Why crime and punishment has always fascinated
IRELAND was once a country where certain crimes were simply out of the ordinary; people were not routinely assaulted in public places, burglaries were rare and gangland killings did not exist.
The society of more than 100 years ago compared to the Ireland of 2012 bears no comparison, though many of the laws, a legacy of the British legal system, are still the same today.
There was still plenty of crime. By any measure, Ireland was a much harsher place. Severe poverty, alcohol abuse and domestic violence often went hand-in-hand.
Behind closed doors the reality was often a grim one, particularly for women and children, who suffered dreadfully at the hands of husbands and fathers. Justice was often rough and capital punishment was widely used.
Crime, just as it does now, fascinated the public and the minutiae of criminal deeds, whether they be macabre, cunning or downright foolhardy, seized and held the attention of people everywhere.
In this series of four magazines, the Irish Independent explores some of the most shocking crimes of the last 100 years, some with insights from criminal experts, the reporters who were there and the gardai who were involved.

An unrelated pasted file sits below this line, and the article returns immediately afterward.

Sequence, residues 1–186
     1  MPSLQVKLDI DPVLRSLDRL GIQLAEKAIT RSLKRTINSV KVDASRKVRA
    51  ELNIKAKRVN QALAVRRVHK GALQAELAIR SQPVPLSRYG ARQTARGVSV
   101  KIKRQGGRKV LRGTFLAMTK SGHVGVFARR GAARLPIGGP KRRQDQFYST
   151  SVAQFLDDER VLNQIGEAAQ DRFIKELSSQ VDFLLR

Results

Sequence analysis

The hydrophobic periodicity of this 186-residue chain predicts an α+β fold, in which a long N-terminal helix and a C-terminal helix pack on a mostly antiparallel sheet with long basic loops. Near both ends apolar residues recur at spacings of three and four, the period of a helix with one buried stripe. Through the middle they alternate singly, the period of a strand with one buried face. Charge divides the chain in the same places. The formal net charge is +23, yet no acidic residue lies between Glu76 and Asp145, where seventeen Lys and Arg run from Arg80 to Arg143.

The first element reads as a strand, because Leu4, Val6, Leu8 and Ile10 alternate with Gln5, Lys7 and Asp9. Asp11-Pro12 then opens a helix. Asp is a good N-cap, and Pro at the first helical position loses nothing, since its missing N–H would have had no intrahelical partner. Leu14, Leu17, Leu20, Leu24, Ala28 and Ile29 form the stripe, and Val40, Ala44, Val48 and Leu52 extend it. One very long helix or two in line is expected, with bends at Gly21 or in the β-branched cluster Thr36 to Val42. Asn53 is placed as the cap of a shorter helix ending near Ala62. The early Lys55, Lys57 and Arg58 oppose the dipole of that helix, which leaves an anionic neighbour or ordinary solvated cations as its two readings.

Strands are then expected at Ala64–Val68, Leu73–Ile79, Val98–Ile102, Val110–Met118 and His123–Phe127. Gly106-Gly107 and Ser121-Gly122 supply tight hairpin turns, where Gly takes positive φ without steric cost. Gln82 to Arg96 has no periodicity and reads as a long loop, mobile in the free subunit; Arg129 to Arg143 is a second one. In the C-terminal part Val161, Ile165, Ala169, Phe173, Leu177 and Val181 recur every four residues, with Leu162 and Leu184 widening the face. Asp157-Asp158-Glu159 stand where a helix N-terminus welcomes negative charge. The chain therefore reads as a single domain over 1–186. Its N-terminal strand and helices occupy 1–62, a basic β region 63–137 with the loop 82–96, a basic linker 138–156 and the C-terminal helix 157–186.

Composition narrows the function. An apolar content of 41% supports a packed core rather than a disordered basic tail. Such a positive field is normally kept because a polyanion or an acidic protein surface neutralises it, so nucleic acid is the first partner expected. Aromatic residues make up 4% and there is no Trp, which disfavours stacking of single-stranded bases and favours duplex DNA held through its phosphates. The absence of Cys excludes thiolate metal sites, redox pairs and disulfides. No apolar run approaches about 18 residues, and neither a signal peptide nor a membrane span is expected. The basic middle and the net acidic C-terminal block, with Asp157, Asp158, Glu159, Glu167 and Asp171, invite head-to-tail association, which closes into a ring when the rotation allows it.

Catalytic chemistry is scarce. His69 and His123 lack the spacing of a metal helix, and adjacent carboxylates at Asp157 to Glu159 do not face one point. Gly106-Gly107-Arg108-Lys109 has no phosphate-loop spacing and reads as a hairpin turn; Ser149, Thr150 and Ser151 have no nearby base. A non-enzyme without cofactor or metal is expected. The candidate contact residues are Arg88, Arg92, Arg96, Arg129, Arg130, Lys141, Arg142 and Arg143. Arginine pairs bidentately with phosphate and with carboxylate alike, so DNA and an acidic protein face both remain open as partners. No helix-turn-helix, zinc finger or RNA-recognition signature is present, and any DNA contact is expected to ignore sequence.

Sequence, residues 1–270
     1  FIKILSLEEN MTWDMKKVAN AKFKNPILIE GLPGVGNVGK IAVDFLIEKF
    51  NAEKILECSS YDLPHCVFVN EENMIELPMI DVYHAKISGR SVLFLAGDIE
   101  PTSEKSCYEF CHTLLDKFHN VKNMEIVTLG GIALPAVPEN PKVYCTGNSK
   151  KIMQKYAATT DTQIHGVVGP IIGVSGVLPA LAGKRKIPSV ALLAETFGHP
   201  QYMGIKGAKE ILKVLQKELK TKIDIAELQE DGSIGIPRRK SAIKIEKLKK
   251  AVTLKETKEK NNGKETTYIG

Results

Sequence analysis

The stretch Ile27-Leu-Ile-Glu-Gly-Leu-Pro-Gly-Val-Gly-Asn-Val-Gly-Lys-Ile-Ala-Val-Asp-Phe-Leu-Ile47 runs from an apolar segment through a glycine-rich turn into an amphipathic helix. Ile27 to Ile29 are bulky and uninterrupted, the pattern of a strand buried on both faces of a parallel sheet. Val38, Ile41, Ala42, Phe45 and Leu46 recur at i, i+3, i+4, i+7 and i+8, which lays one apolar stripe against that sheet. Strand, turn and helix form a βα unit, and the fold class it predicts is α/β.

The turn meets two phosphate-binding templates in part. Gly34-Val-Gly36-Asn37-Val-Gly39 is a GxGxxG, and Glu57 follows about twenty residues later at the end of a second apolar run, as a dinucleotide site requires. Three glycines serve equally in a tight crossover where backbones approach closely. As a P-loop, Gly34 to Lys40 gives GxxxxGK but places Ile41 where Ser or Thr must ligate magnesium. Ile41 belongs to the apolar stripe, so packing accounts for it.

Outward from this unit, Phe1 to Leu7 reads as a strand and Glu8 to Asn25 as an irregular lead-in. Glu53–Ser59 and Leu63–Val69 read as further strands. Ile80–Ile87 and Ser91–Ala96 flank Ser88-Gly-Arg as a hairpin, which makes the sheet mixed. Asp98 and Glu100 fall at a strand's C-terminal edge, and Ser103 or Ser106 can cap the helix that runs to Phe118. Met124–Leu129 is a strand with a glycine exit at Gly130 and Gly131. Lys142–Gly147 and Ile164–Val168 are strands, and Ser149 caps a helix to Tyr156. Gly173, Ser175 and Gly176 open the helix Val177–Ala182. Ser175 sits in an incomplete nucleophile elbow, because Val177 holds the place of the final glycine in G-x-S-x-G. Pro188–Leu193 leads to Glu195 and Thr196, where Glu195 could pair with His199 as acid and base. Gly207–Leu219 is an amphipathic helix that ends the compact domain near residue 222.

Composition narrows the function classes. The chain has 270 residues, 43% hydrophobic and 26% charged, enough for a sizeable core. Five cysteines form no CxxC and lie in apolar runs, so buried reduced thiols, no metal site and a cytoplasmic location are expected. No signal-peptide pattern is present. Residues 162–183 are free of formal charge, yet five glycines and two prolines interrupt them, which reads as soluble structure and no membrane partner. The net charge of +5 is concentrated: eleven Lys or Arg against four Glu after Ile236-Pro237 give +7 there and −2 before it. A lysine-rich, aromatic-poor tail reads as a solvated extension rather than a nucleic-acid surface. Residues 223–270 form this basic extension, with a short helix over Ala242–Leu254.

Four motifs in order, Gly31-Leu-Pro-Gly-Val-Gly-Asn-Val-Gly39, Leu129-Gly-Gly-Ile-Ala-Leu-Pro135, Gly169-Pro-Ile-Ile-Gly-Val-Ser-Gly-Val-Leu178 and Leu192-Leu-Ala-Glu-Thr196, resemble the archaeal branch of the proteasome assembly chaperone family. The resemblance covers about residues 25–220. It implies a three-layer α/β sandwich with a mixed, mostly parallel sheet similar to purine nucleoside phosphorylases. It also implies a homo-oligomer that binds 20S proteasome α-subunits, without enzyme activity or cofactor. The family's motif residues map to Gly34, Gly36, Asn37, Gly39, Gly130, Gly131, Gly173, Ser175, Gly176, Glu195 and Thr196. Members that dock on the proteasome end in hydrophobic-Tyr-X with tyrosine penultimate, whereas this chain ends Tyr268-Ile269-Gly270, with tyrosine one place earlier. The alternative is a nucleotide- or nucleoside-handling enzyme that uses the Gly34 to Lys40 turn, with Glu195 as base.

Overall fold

We look at the causes and affects of different murders, examine crimes of greed and envy, take a look back at some of the most dramatic robberies and kidnaps in the State's history and reflect on the long list of unsolved crimes that remain in the public conciousness.
The 'Crime Files' examines how cases were solved, how clues were gathered, how notable crimes were reported and how they affected the families of victims -- the ones left to pick up the pieces.
Our relationship with crime is complex.
We find it abhorrent yet are compelled by it. Crime authors Michael Sheridan and Terry Prone describe why this is so.
As with last year's 'Rolling Back The Years' series, we have drawn heavily on archived 'Irish Independent' images to shed light on stories such as the brutal murder of Garda John Curtin in Tipperary in 1931 (see issue three) and the hanging of Cork farm hand David O'Shea for the murder of young creamery worker Ellen O'Sullivan.
O'Shea was paraded by gardai through the streets of his Co Kerry village Rathmore, handcuffed and shamed for all to see, an action which would be unthinkable today.
That was a fate avoided by South African Shan Mohangi who killed his teenage girtfriend, 16-year-old Hazel Mullen in 1963.
In this issue, Ms Mullen's family explain why they have completely forgiven Mohangi for the terrible crime.
We also examine the case of callous wife murderer Joe'O'Reilly. Convicted, for example, in 1950, he would almost certainly have gone to the gallows.
But then he would have probably escaped detection in the first place in an age when technology played very little role in catching our most dangerous criminals.